Conway v. Planet Fitness Holdings, LLC
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Citation: Conway v. Planet Fitness Holdings, LLC, No. 20-P-136 (Mass. App. Ct. May. 27, 2022)
Full title: JAYNE CONWAY v. PLANET FITNESS HOLDINGS, LLC, & others.
Date Published: May 27, 2022
The Appeals Court of Massachusetts recently addressed a choice of law issue as to the calculation of prejudgment interest on a Massachusetts (Mass.) jury verdict award in a case involving a contractual clause that invoked New Hampshire substantive law. In the Superior Court, a jury awarded the plaintiff $5 million in damages after finding that the defendants had committed fraud and made negligent representations that induced her to settle her wrongful termination claim against them. Following trial, the plaintiff moved for prejudgment interest under the Mass. prejudgment interest statute (M.G.L. c. 231, Â§ 6B).
Although he had found that Mass. had the most significant relationship to the parties and events, the trial judge agreed with the defendants that NH's prejudgment interest statute applied. As a result, the plaintiff was awarded $2.5 million less in prejudgment interest than she would have been entitled to under Mass. law.
Prior to trial, the judge had directed the plaintiff to choose whether she was seeking rescission of her settlement agreement with the defendants or was accepting that she had settled and was instead pursuing her tort claims relating to the settlement agreement. The plaintiff chose the latter and pursued her tort claims, including fraud, negligent misrepresentation and breach of the covenant of good faith and fair dealing. Although the plaintiff had sought application of Mass. substantive law to the trial issues, the judge applied NH law in accordance with a clause in the underlying settlement agreement stating that "any dispute arising out of [the] agreement's was governed by NH law.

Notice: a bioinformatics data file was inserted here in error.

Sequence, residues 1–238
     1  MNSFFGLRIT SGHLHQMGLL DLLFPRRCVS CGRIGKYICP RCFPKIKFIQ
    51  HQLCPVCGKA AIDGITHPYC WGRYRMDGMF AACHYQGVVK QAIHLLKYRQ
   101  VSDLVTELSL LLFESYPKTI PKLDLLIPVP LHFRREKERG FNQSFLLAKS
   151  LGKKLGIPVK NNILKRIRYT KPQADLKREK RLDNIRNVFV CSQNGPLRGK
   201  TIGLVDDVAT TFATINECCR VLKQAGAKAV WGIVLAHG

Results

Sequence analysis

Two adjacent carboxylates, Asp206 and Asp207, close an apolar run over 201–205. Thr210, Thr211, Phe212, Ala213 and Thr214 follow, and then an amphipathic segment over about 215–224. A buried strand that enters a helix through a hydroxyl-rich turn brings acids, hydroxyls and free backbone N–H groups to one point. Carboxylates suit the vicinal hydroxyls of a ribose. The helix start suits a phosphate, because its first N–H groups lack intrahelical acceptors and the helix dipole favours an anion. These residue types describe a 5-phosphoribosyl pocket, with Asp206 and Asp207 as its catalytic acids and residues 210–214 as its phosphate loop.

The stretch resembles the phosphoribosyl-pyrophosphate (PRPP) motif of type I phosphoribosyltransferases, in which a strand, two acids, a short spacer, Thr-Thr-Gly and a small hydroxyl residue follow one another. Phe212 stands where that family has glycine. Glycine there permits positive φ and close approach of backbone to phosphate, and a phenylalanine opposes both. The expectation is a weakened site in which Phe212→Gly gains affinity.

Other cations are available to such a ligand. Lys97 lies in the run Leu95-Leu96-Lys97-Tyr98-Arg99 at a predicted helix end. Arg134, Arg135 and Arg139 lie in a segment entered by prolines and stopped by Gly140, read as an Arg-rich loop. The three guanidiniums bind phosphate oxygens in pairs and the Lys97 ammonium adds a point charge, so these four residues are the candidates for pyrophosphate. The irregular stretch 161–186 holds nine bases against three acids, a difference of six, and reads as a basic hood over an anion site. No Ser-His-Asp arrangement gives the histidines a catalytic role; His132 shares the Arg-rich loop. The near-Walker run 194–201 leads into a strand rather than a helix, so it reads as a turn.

On appeal, the Appeals Court looked to the plain language of that clause and held that prior caselaw found such arising out of language to be expressly self-limiting and not applicable to tortious conduct. Thus, the Court held that the clause did not apply to claims, like this plaintiff's claims, alleging that fraudulent conduct induced the execution of a contract. Thereafter, the Court undertook a choice of law analysis and concluded that Mass. had a greater interest at stake as the state where the more consequential fraudulent and deceitful conduct occurred. The Court also looked to the purpose of a prejudgment interest statute and concluded that Mass. has the stronger interest in seeing the plaintiff compensated for the delay in obtaining her money since she is a Mass. resident. Accordingly, the prejudgment interest portion of the amended judgment was vacated and the matter remanded for calculation under the Mass. statute.
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